Solar system could have had TWO stars – New theory which could explain origin of life

Astronomers from Harvard University have proposed the Sun may have been part of a binary system – where two stars orbit one another – in the solar system’s formative years. According to the researchers, if the Sun was part of a binary system, it could explain the Oort Cloud and ultimately how life came to be.

The Oort Cloud is a circumstellar cloud on the edge of our solar system which contains billions of icy objects.

The new theory from Harvard states that if there was a binary star system, it would have been better equipped at pulling distant objects in with its gravitational pull.

This could explain the formation of the Oort Cloud, with astronomers claiming the binary star system would have been able to pull in passing objects.

In turn, this could have then led to the formation of life on Earth.

With objects in the Oort Cloud containing ice and potentially molecules for the building blocks of life, an object from there could have come travelling through the solar system.

If said object then hit Earth, it could have delivered the basis of ice and water.

Amir Siraj, a Harvard undergraduate student involved in the research, said in a statement: “Previous models have had difficulty producing the expected ratio between scattered disk objects and outer Oort cloud objects.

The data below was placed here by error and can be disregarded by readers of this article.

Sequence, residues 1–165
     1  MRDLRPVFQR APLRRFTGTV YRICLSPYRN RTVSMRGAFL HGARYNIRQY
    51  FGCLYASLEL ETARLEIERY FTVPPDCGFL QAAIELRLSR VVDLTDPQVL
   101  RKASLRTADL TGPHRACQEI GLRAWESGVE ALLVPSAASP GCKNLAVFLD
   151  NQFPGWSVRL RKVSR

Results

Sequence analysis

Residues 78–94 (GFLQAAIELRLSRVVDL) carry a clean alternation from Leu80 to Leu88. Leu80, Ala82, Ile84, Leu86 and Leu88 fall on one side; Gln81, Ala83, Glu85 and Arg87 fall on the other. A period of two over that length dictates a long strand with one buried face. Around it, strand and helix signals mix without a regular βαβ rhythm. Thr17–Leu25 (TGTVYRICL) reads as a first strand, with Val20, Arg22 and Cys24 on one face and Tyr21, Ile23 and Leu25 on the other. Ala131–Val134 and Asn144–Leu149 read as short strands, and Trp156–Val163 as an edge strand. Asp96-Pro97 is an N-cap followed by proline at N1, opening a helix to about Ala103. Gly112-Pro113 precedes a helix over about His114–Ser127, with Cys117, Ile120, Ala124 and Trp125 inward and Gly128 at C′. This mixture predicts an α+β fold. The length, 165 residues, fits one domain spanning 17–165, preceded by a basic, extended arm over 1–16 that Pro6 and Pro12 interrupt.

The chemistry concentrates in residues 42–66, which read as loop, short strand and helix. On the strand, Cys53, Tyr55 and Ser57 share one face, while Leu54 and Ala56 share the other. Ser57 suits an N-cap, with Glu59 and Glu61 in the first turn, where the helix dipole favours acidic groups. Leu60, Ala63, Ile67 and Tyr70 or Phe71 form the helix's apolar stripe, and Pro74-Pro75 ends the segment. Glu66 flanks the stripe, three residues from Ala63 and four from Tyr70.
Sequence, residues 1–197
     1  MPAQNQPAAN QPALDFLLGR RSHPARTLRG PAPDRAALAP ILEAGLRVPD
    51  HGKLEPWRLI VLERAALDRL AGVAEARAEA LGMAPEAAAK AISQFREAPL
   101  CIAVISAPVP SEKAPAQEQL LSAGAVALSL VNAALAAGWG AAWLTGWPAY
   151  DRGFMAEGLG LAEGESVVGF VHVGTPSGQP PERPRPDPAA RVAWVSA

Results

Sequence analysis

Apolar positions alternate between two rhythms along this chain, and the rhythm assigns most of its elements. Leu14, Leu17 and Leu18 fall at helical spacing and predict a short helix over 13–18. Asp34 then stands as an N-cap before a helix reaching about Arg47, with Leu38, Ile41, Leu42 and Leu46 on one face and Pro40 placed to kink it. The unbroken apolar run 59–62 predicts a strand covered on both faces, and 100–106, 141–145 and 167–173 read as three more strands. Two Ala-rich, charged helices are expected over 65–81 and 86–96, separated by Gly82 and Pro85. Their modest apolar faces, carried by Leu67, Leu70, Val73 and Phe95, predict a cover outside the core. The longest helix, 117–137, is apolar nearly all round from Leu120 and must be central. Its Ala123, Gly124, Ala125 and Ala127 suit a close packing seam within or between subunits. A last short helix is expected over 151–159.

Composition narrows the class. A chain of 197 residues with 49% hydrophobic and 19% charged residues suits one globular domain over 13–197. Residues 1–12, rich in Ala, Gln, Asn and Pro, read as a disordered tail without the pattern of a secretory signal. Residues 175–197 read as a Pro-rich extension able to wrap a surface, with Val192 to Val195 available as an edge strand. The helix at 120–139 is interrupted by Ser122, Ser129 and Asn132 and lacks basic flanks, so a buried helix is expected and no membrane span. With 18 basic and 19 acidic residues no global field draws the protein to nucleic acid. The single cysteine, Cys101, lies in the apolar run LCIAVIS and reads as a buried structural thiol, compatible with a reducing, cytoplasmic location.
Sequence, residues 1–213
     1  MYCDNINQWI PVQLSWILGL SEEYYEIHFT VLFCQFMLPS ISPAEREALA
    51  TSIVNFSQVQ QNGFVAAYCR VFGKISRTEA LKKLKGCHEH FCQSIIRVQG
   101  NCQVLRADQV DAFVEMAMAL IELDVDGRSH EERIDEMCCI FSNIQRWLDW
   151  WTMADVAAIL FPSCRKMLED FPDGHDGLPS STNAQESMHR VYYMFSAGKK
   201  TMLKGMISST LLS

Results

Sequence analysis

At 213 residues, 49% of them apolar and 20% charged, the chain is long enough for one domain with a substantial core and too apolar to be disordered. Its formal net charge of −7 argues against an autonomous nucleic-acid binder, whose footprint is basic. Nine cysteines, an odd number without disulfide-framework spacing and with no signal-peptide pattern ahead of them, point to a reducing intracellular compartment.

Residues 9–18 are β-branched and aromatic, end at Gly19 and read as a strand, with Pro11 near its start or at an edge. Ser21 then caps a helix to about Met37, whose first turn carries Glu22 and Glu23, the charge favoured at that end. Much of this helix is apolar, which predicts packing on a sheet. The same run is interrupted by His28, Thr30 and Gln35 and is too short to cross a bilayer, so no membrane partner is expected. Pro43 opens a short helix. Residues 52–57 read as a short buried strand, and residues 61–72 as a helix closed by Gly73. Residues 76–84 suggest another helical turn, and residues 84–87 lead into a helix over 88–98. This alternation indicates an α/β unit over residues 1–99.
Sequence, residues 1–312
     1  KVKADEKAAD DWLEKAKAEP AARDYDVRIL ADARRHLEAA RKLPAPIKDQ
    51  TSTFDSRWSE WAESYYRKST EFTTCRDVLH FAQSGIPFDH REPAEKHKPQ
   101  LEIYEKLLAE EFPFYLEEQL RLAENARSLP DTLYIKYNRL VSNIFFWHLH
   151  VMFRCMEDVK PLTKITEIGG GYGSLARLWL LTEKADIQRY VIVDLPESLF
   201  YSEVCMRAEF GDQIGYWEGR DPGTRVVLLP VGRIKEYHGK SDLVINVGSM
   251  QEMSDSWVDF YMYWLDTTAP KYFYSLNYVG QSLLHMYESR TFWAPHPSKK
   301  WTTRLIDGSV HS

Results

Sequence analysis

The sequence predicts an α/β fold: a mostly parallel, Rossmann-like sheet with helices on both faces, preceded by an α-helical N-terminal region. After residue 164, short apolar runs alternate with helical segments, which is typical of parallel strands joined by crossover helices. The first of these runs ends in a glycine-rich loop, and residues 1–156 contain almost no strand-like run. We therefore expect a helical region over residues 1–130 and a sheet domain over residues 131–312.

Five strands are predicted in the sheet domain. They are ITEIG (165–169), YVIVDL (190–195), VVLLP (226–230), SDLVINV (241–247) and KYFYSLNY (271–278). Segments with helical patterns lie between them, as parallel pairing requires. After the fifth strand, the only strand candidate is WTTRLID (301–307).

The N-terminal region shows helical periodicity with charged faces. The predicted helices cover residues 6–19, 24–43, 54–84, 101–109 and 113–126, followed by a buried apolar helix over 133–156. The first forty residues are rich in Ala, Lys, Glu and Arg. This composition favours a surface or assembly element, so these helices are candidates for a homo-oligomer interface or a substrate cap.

“The binary capture model offers significant improvement and refinement, which is seemingly obvious in retrospect: most Sun-like stars are born with binary companions.

Co-author Avi Loeb said: “Binary systems are far more efficient at capturing objects than are single stars.

“If the Oort cloud formed as observed, it would imply that the Sun did in fact have a companion of similar mass that was lost before the Sun left its birth cluster.”

Mr Siraj added: “Objects in the outer Oort Cloud may have played important roles in Earth’s history, such as possibly delivering water to Earth and causing the extinction of the dinosaurs.”

However, the implications do not end there.

The team believe the binary system could have also helped to drag in the mysterious Planet 9 – a hypothetical object orbiting our solar system way out, past Neptune.

There are a number of odd features in our solar system that would be explained by Planet Nine.

One is that the Kuiper Belt – a circumstellar disc full of icy asteroids, comets and dwarf planets which encompasses the solar system – orbits in the opposite direction to the planets within it.

Another is that if the planet is there, then it could explain why the solar system is slightly off balance.

Next year, the Vera C Rubin Observatory (VRO) is set to begin operations and will help to look for “trans-Neptunian objects”.

The Harvard astronomers will be using the telescope to search for Planet 9 – which could be anything from a huge planet to a tiny black hole – which would add more weight to the binary star system theory.

Mr Siraj said: “If the VRO verifies the existence of Planet Nine, and a captured origin, and also finds a population of similarly captured dwarf planets, then the binary model will be favored over the lone stellar history that has been long-assumed.”

Dr Loeb: “It is unclear where they came from, and our new model predicts that there should be more objects with a similar orbital orientation to Planet Nine.”

However, the binary star, if it existed, is long gone and “could now be anywhere in the Milky Way” Mr Siraj concluded.

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